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Spring Cleaning – Sanitizing Versus Washing

March 23rd, 2015

person cleaning counterWhen you are doing your cleaning do you ever wonder if you are getting something truly clean or just wiping the dirt off the surface? I think about it a lot because I often rush through the cleaning just to make the house look nice before someone comes over. For the second week of spring cleaning, I would like to bring back a blog topic I wrote in 2011 called “How Clean is it?  Sanitizing vs. Washing”.

As I mentioned before, often when I am cleaning I am motivated by having a nice looking house. What I should really be motivated by is having a home that has a safe level of germs. Having no germs in the house would make it sterile, and that is not a possibility, so I need to aim for a safe level of germs. The best way to do that is to wash and sanitize.

Washing is done best with hot soapy water. This removes all the visible dirt, food, hair, and other disgusting things around my home. When spring cleaning, most things can be washed – counters, cupboards, walls, floors, door knobs, light switches, railings, showers, and toilets. The bonus of washing is that when the surface grime is washed away, so are some of the germs.

Unfortunately, washing does not get rid of enough of the germs, so the next step is sanitizing. What you sanitize and how often you sanitize depends on your situation – check out this handout for suggestions. I usually sanitize high use surfaces (countertops, toilets) a couple of times a week, some surfaces (light switches, door knobs) monthly, and other surfaces (cupboards, walls) a couple of times a year. You can sanitize daily if you need to.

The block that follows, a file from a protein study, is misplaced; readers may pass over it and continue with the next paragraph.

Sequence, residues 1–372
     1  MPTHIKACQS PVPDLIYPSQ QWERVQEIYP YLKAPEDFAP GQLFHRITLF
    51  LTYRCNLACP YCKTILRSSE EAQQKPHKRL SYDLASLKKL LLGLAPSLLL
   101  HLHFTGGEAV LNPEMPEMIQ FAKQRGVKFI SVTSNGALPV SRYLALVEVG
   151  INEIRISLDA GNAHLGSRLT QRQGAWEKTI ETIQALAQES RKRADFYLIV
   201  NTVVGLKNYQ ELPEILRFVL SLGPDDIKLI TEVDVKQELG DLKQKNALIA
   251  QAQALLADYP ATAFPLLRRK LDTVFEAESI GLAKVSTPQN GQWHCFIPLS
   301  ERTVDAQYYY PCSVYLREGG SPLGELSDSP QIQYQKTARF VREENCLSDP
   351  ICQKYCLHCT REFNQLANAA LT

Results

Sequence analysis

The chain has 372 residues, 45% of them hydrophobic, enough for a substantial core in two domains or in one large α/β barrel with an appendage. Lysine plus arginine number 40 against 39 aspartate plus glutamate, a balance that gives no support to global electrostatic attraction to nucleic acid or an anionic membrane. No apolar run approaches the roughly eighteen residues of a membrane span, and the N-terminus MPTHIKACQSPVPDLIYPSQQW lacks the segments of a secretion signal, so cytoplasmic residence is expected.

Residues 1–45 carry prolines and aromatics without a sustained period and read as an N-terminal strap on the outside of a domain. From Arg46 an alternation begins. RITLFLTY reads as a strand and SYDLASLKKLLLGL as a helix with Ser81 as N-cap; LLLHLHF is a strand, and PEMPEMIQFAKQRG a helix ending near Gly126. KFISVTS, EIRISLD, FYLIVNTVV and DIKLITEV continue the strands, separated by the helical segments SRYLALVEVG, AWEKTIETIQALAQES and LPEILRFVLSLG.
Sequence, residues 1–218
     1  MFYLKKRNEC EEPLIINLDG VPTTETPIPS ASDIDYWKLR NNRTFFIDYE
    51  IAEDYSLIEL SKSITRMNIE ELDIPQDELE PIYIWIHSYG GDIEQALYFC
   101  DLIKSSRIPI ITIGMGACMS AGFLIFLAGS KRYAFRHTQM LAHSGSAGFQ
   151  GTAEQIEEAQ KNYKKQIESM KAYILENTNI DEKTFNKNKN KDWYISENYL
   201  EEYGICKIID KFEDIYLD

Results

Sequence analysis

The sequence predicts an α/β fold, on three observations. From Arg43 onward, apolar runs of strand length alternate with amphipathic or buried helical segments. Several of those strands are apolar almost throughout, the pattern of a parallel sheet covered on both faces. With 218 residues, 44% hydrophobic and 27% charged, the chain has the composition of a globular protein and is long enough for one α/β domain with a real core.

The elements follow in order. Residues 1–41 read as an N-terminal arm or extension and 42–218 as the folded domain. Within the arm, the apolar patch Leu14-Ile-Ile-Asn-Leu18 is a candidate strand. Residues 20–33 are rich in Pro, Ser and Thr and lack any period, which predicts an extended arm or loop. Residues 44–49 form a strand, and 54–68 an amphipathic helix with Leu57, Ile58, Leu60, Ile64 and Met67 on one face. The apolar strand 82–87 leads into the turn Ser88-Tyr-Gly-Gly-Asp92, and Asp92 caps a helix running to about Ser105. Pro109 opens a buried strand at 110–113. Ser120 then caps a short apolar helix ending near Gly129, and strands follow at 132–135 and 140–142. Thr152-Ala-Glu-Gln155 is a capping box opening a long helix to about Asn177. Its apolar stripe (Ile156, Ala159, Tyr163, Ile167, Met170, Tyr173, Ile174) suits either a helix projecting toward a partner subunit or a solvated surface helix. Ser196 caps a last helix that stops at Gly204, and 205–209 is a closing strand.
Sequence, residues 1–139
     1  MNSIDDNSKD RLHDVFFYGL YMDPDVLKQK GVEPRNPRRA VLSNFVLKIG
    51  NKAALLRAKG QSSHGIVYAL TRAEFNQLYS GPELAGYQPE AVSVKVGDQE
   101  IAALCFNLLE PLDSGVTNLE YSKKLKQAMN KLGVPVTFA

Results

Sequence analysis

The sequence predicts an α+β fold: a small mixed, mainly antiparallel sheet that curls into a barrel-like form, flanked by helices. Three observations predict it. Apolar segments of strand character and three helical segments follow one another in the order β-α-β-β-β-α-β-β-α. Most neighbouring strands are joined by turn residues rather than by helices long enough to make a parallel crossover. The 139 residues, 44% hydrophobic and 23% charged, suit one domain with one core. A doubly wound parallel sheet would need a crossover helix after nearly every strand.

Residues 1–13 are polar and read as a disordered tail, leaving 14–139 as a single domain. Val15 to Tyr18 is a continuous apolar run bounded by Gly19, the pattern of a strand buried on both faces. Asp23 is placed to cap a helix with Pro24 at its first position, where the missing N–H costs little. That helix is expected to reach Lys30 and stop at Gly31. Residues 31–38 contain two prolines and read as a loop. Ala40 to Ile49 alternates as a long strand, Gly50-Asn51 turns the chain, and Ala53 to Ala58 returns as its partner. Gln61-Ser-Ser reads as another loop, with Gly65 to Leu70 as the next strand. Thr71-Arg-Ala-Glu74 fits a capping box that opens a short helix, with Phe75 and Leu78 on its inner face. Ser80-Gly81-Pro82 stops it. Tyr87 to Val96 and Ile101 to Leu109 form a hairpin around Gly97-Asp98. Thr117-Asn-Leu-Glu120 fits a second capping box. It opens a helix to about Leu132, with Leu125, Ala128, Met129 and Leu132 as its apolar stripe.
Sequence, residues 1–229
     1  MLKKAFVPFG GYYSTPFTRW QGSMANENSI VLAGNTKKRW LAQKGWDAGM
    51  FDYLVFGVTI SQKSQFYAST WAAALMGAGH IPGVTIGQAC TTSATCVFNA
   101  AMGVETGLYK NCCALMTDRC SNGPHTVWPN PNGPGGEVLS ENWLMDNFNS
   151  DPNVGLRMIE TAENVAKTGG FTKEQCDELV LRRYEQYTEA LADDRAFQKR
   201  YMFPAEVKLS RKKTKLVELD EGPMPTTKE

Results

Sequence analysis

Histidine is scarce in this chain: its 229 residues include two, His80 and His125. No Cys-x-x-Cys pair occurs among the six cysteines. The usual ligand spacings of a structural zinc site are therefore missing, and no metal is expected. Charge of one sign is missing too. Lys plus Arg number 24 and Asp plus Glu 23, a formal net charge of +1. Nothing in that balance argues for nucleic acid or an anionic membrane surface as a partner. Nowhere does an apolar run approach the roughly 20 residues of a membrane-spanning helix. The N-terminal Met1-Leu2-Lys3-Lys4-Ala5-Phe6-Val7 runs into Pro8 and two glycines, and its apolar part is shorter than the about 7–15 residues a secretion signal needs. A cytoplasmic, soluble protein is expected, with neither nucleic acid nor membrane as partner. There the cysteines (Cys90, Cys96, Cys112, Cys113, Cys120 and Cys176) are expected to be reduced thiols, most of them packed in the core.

I sanitize two different ways. After the surface that I have washed has dried, I will either spray it with a bleach solution or wipe it off with disinfecting wipes. Then let the surface air dry or dry with a paper towel before using it. Both ways will get the amount of germs down to a safe level. Fewer germs leads to less sickness and less sickness leads to lower doctor bills.

To make your own bleach solution add ½ teaspoon regular bleach (or 1/8 teaspoon concentrated bleach) and 2 cups of water to a spray bottle.  Bleach solutions need to be dumped out and re-made about once per week.

Have fun with your spring cleaning,

Justine

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‘Bite into a Healthy Lifestyle’ during National Nutrition Month®

March 9th, 2015

vegetables heart mixedIf you planned to start eating better at the start of 2015 but have gotten a bit off track, National Nutrition Month® is a good time to refocus. National Nutrition Month® is celebrated each March to focus attention on the importance of making informed food choices and developing sound eating and physical activity habits. The theme for 2015 is “Bite into a Healthy Lifestyle.” Here are 5 tips from the Academy of Nutrition and Dietetics to help you do just that:

  1. Eat Breakfast-There’s no better way to start your morning than with a healthy breakfast. Include lean protein, whole grains, fruits, vegetables, and low-fat dairy. Try our Make Ahead Breakfast Burritos to get you going in the morning!
  2. Fix Healthy Snacks- Healthy snacks help sustain your energy levels between meals and prevent overeating at mealtime. Make your snacks combination snacks by choosing from two or more of the MyPlate food groups.
  3. Get Cooking-Cooking at home is usually healthier because you get to decide how much fat, salt, and sugar to add to your foods. Check out our Spend Smart. Eat Smart. How to Channel to view a variety of cooking videos.